I must also express my admiration for the men and women within China who have never compromised with the regime. Coming from China, I know all too well the price paid by those who refuse to compromise, including being isolated by intellectuals who fear associating with “heretics.” This book names and pays homage to many Chinese journalists who have been imprisoned for their efforts to expose corruption. These men and women of conscience are like a lamp with an ever-burning flame. Others have devoted themselves passionately to furthering freedom of speech, some even paying with their lives. Liu xii | Acknowledgments Chengjun, a Falun Gong practitioner, was one of them. On March 5, 2002, Liu and some friends managed to intercept eight cable television networks in Changchun City and Songyuan City, Jilin Province, and televised a program entitled “Self-Immolation or a Staged Act?” exposing the Chinese government’s cover-up of its persecution of Falun Gong and the staged immolation the government claimed was the action of practitioners. Liu was arrested and subjected to 21 months of torture that led directly to his death. He paid with his life, but thanks to his sacrifice, many people learned the truth about the government’s persecution of Falun Gong.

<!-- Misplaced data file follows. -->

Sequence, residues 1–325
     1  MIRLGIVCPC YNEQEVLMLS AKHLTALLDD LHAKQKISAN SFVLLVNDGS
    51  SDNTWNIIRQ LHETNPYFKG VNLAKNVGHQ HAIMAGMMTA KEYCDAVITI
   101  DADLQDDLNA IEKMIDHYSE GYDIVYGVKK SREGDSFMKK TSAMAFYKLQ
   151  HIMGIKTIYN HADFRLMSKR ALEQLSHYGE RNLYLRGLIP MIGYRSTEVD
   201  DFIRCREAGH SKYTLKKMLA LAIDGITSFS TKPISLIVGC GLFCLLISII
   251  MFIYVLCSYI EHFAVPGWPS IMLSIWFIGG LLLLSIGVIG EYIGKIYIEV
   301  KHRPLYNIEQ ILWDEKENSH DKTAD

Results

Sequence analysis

China’s hope lies with the brave men and women who continue to struggle for freedom. This book gives an account of the sacrifices made by heroes in the cause of freedom of the press. Their efforts are changing China little by little. I have learned from a number of World War II documentaries that the Nazi persecution of Jews was welcomed in many European countries because it served the short-term interests of certain governments that collaborated shamefully with Nazi rule. It is my fervent hope that ever fewer foreign companies, organizations, and individuals will sacrifice principle for expediency in regard to China, because the Chinese people desperately need the international support of those who champion democracy and justice.

A China grounded on a solid foundation of constitutional democracy and integrity in government and politics would make a far more positive contribution to world civilization than today’s China, ruled by a corrupt dictatorship that regards ordinary citizens as worthless, pursues an unprincipled foreign policy, and cares only about its own political interests.